Google Removes 85 Adware-Infected Android Apps
Google has removed 85 Android apps from the official Play Store after it was reported that these apps were adware-infected.
Google took the decision to suspend the apps after researchers at security firm Trend Micro discovered that these apps, which masqueraded as games and remote controller simulators, contained a common strain of adware. The researchers also reported that these apps were downloaded at least 9 million times.
A Trend Micro blog post, dated January 8, 2019, and authored by Mobile Threat Response Engineer Ecular Xu, says, “…we recently discovered an active adware family (detected by Trend Micro as AndroidOS_HidenAd) disguised as 85 game, TV, and remote control simulator apps on the Google Play store”.
The blog post further says, “This adware is capable of displaying full-screen ads, hiding itself, monitoring a device’s screen unlocking functionality, and running in the mobile device’s background. The 85 fake apps, which have been downloaded a total of 9 million times around the world.”
Among the 85 adware-infected apps, the most downloaded one is the “Easy Universal TV Remote” app, which claims to allow the use of smartphones to control TVs. The researchers who detected the fake apps have found that “Easy Universal TV Remote” was downloaded more than 5 million times. Moreover, this fake app has also got multiple complaints being posted about its behaviors on the comment section.
The apps were reportedly uploaded from different developer accounts and were signed using different digital certificates, but they showed similar behaviors and shared the same code. The Trend Micro report explains, “We tested each of the fake apps related to the adware family and discovered that though they come from different makers and have different APK cert public keys, they exhibit similar behaviors and share the same code.”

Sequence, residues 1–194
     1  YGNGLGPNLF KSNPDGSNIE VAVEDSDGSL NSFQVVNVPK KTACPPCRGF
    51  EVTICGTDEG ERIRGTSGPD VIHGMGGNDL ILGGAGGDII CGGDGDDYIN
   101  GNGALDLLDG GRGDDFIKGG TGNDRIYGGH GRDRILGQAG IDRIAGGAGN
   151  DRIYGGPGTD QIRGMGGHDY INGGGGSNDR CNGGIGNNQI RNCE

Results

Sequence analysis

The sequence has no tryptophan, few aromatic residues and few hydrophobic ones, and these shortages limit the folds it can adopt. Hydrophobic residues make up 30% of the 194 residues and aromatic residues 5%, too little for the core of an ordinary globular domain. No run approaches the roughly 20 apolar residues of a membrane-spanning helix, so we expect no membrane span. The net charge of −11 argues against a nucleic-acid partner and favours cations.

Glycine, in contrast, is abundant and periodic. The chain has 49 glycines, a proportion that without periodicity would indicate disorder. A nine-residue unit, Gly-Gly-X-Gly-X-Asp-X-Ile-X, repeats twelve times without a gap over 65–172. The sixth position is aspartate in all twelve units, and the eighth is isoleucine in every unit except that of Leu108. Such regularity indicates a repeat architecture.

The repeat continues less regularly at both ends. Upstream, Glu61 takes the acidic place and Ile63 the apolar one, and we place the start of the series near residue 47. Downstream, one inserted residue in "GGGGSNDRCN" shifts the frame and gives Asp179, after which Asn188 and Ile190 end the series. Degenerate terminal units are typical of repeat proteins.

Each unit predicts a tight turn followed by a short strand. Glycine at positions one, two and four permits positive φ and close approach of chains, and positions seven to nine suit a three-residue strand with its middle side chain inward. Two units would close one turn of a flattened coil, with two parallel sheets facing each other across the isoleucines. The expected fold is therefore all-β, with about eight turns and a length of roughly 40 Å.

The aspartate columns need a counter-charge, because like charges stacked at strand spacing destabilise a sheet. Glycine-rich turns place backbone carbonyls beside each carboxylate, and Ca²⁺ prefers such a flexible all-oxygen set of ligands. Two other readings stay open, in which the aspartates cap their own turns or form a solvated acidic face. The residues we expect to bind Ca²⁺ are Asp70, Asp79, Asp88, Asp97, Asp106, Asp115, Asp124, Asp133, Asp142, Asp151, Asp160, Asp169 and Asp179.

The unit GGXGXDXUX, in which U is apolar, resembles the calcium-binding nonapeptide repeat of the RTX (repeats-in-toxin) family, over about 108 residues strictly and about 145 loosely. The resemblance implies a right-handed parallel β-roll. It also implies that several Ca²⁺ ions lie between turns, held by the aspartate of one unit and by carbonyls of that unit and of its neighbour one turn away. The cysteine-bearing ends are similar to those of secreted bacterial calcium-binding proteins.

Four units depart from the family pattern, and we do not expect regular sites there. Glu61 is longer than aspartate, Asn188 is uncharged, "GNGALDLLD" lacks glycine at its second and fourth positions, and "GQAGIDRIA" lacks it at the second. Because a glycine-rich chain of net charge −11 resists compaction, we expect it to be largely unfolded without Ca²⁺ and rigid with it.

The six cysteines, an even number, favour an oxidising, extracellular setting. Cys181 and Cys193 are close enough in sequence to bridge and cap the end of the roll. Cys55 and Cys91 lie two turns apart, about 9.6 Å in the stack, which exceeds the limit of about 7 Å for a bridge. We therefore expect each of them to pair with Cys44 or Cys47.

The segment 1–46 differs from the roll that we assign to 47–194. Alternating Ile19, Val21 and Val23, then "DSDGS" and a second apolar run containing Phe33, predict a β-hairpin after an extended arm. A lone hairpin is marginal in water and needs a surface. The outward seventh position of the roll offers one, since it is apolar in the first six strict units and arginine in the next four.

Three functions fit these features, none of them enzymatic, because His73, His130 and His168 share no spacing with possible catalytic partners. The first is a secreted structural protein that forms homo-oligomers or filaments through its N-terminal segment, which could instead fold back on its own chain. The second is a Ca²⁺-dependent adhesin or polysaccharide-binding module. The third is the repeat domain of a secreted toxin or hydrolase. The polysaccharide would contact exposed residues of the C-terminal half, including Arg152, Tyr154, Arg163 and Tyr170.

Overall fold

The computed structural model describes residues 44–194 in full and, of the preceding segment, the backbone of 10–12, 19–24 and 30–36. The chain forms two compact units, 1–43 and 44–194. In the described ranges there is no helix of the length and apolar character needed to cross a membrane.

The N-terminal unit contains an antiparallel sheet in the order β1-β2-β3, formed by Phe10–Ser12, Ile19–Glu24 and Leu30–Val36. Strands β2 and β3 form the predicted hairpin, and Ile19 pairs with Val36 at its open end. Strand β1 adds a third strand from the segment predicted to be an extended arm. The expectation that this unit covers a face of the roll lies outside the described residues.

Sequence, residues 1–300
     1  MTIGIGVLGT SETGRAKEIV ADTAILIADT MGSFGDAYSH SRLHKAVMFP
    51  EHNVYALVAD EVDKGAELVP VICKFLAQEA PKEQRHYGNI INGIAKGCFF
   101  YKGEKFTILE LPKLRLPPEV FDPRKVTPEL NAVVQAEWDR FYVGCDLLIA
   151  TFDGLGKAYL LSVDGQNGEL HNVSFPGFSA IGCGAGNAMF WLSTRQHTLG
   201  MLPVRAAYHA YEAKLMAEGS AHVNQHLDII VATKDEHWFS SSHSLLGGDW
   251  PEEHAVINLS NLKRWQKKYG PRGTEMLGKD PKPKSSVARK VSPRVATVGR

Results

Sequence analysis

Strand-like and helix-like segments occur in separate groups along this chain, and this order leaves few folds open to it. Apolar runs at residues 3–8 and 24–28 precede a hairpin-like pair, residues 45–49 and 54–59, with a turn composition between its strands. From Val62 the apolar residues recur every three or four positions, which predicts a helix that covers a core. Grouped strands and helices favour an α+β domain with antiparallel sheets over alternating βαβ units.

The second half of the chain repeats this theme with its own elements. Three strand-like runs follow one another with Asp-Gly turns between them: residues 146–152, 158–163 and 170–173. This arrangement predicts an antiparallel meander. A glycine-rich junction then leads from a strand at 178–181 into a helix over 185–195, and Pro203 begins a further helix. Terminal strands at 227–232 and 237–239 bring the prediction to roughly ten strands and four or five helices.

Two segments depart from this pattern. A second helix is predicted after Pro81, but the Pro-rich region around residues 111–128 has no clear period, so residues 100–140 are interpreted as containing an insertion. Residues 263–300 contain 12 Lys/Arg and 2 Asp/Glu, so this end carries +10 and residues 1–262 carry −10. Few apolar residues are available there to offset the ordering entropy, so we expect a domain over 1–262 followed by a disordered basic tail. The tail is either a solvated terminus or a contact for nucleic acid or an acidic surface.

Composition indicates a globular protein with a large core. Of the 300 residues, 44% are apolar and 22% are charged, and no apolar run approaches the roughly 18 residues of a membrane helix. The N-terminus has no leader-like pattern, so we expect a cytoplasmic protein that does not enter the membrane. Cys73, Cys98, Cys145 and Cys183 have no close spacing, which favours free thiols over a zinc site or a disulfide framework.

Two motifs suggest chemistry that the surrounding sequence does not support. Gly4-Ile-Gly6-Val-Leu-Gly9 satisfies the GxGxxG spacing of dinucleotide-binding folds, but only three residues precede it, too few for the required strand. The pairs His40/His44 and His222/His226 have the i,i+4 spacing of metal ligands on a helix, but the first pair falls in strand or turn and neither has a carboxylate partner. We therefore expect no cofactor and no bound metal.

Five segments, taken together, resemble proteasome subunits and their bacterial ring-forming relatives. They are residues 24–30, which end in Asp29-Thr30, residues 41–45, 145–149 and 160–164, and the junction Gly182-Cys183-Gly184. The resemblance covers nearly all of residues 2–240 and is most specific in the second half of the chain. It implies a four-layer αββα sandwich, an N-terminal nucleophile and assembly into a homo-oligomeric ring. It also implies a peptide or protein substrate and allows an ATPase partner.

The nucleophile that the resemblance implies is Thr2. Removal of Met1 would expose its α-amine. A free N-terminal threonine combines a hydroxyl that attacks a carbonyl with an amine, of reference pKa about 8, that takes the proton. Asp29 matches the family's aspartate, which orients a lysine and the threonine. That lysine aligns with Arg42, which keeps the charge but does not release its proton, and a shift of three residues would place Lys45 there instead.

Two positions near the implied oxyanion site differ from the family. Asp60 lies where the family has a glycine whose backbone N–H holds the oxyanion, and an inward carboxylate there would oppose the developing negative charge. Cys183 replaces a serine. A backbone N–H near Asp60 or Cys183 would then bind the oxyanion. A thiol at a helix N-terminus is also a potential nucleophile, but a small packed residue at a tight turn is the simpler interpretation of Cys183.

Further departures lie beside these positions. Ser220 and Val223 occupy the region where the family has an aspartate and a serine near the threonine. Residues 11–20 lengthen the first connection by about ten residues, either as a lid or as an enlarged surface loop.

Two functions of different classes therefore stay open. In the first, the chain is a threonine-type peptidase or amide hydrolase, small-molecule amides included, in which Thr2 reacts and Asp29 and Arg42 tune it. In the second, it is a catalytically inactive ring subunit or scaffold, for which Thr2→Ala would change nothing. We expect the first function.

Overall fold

ZDNet reports that the apps were visually identical as well. “But besides similarities in their source code, the apps were also visually identical, and were all of the same types, being either games or apps that let users stream videos or control their TVs remotely”, reads a report from ZDNet. The report further says, “The apps were blatant adware, and you didn’t need to be a security researcher to realize they were malicious.”
Once one of these fake apps is downloaded and launched, it would show a full-screen ad. If you close the pop-up ad, you’d get call-to-action buttons like “start,” “open app,” or “next”. A banner ad would also appear on the screen of the mobile phone. If you tap on any of these buttons, another full-screen ad would pop up, followed by more buttons providing app-related options. You’d also be prompted to give the app a five-star rating on Google Play. Clicking on any of the buttons would bring up another full-screen ad on the screen, following which you’d be informed that the app is loading or buffering. A few seconds later the app disappears from the screen and hides its icon on the device. The fake app continues to run in the background and the adware gets configured. Every 15 or 30 minutes you’d get to see a full-screen ad on your screen. The Trend Micro report says, “Some of the fake apps exhibit another type of ad-showing behavior that monitors user screen unlocking action and shows an ad each time the user unlocks the mobile device’s screen. A receiver module registers in AndroidManifest.xml so that each time a user unlocks the device it will then trigger a full-screen ad pop up.”
Those behind the attack could thus go on making money out of the ads until either you remove the app or reset your device to factory settings.
Google swiftly suspended the fake apps from the Play Store after verifying the report from the Trend Micro researchers.
Julia Sowells703 Posts
Julia Sowells has been a technology and security professional. For a decade of experience in technology, she has worked on dozens of large-scale enterprise security projects, and even writing technical articles and has worked as a technical editor for Rural Press Magazine. She now lives and works in New York, where she maintains her own consulting firm with her role as security consultant while continuing to write for Hacker Combat in her limited spare time.